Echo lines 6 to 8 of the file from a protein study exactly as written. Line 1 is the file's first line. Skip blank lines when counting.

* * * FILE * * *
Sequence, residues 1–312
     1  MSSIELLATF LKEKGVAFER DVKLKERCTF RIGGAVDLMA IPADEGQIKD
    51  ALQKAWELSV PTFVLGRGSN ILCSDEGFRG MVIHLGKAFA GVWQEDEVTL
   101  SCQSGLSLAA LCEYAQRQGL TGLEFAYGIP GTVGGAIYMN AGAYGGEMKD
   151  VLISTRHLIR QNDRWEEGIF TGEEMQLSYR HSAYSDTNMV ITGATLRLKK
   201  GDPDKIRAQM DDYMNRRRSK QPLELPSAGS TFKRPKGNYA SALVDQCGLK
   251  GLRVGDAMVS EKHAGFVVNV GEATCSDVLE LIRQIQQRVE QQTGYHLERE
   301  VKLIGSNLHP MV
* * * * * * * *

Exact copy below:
   201  GDPDKIRAQM DDYMNRRRSK QPLELPSAGS TFKRPKGNYA SALVDQCGLK
   251  GLRVGDAMVS EKHAGFVVNV GEATCSDVLE LIRQIQQRVE QQTGYHLERE
   301  VKLIGSNLHP MV